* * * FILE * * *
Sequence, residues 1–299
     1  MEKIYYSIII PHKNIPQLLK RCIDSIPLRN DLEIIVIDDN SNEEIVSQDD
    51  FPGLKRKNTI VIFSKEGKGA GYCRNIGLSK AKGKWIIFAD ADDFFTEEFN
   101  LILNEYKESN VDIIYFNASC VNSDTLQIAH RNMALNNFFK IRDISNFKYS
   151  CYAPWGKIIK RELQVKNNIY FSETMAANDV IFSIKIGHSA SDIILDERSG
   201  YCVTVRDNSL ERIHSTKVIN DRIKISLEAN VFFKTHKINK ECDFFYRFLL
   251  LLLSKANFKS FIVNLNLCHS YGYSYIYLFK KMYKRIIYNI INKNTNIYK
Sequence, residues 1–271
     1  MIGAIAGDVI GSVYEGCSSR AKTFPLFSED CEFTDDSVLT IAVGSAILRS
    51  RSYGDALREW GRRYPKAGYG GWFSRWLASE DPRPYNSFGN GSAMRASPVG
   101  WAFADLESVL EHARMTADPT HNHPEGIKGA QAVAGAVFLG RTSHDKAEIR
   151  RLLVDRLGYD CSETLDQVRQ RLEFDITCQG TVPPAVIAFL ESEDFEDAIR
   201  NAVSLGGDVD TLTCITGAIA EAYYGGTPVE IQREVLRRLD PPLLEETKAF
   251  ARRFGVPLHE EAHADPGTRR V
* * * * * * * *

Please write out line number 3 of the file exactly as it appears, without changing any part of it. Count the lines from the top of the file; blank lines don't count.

    51  FPGLKRKNTI VIFSKEGKGA GYCRNIGLSK AKGKWIIFAD ADDFFTEEFN